7
$\begingroup$

I have a sample of observations where about $30\%$ of the observations are right-censored. I want to fit a kernel density estimator to this sample but I have not found a standard method to do so. Is there any widely accepted methodology for fitting a KDE in the presence of censored observations?

$\endgroup$
  • $\begingroup$ Hmm, it is similar, but not quite the same situation as in zero-inflated data. In spatial statistics with truncated data you can weight points closer to the boundary, but that logic is not easily translated to censored data off-hand. $\endgroup$ – Andy W Feb 9 '16 at 14:54
  • $\begingroup$ Can you describe what sort of problem or sequence this data describes? $\endgroup$ – DWin Mar 31 '18 at 6:14
0
$\begingroup$

Kernel density estimates the empirical distribution, it doesn't "know" and "care" about the underlying distribution. By "empirical" we mean here that it uses only the observed data and makes minimal distributional assumptions. Obviously, if it uses the observed data, it cannot say anything about the censored, unobserved data. If you say that the distribution is censored, it means that you should have some notion of the underlying distribution, so you should use it to define a parametric model to estimate the density.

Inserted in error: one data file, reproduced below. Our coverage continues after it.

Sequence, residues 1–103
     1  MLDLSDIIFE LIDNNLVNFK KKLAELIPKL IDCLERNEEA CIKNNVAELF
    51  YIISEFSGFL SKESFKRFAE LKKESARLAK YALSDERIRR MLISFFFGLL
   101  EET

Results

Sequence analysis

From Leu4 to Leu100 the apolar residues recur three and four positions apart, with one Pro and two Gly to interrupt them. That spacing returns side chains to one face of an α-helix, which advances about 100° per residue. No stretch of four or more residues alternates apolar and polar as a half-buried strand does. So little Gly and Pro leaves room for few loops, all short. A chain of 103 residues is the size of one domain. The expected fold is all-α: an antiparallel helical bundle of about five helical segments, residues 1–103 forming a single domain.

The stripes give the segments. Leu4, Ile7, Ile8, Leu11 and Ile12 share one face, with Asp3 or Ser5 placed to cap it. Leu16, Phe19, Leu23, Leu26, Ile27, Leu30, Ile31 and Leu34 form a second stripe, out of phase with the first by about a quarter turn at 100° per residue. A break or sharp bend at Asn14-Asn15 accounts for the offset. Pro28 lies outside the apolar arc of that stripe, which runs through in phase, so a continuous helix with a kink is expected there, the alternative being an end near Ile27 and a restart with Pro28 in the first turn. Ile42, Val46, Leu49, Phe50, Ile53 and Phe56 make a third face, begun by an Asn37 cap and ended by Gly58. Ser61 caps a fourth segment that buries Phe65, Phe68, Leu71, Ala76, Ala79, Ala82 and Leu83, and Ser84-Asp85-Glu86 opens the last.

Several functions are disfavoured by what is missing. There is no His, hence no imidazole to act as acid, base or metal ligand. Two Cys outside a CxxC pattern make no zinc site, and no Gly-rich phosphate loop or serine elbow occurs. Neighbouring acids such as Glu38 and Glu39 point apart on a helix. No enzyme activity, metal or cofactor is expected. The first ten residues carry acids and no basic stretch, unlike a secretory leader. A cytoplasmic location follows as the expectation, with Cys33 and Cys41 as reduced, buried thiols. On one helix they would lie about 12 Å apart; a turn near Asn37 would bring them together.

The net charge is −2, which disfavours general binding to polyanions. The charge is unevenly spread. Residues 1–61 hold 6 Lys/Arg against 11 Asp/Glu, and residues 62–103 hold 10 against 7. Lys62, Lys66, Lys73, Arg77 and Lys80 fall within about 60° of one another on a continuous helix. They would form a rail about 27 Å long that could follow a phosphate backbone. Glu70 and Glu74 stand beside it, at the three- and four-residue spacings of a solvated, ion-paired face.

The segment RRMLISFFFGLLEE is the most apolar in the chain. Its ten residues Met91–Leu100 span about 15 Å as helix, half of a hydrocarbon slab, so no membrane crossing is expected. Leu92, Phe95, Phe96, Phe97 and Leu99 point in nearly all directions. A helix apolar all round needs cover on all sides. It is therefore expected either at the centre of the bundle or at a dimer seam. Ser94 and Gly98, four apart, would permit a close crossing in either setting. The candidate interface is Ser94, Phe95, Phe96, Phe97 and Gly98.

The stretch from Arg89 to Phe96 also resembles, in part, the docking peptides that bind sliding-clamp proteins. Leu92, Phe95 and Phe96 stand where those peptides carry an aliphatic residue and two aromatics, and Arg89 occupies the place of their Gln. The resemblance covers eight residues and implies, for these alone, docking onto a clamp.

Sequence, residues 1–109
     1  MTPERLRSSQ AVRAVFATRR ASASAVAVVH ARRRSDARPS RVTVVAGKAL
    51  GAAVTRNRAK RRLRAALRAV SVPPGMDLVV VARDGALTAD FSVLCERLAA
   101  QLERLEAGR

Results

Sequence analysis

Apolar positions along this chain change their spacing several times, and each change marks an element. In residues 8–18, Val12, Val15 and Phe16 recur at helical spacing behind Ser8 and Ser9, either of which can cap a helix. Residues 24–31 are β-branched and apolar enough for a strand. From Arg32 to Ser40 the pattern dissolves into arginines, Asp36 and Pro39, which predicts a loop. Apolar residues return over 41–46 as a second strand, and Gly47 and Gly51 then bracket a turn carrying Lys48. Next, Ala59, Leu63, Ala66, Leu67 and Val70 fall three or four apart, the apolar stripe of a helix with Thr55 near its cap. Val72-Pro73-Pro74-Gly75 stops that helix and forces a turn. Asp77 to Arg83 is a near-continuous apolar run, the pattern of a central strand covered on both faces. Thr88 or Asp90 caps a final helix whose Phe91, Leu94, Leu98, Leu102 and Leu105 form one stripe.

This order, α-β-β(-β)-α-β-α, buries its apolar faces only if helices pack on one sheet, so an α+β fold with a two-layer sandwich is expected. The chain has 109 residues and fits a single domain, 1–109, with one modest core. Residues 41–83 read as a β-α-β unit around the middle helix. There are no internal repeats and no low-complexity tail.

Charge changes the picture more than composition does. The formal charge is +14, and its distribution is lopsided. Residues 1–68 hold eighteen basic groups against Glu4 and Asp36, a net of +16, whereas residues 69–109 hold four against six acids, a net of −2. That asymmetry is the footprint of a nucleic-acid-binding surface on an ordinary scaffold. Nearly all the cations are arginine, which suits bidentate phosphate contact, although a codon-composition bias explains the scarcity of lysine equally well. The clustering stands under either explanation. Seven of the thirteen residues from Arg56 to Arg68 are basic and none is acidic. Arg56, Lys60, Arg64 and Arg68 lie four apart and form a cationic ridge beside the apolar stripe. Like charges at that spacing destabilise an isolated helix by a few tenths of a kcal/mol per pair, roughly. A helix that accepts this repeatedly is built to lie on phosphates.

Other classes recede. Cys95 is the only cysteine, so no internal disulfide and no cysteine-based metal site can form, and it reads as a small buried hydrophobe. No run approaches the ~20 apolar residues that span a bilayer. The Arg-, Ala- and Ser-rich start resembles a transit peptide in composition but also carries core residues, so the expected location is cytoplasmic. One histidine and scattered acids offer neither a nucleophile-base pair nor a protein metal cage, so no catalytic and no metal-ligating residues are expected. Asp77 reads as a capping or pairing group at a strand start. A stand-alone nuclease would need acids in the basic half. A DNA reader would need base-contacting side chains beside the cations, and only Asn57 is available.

| cite | improve this answer | |
$\endgroup$

Your Answer

By clicking “Post Your Answer”, you agree to our terms of service, privacy policy and cookie policy

Not the answer you're looking for? Browse other questions tagged or ask your own question.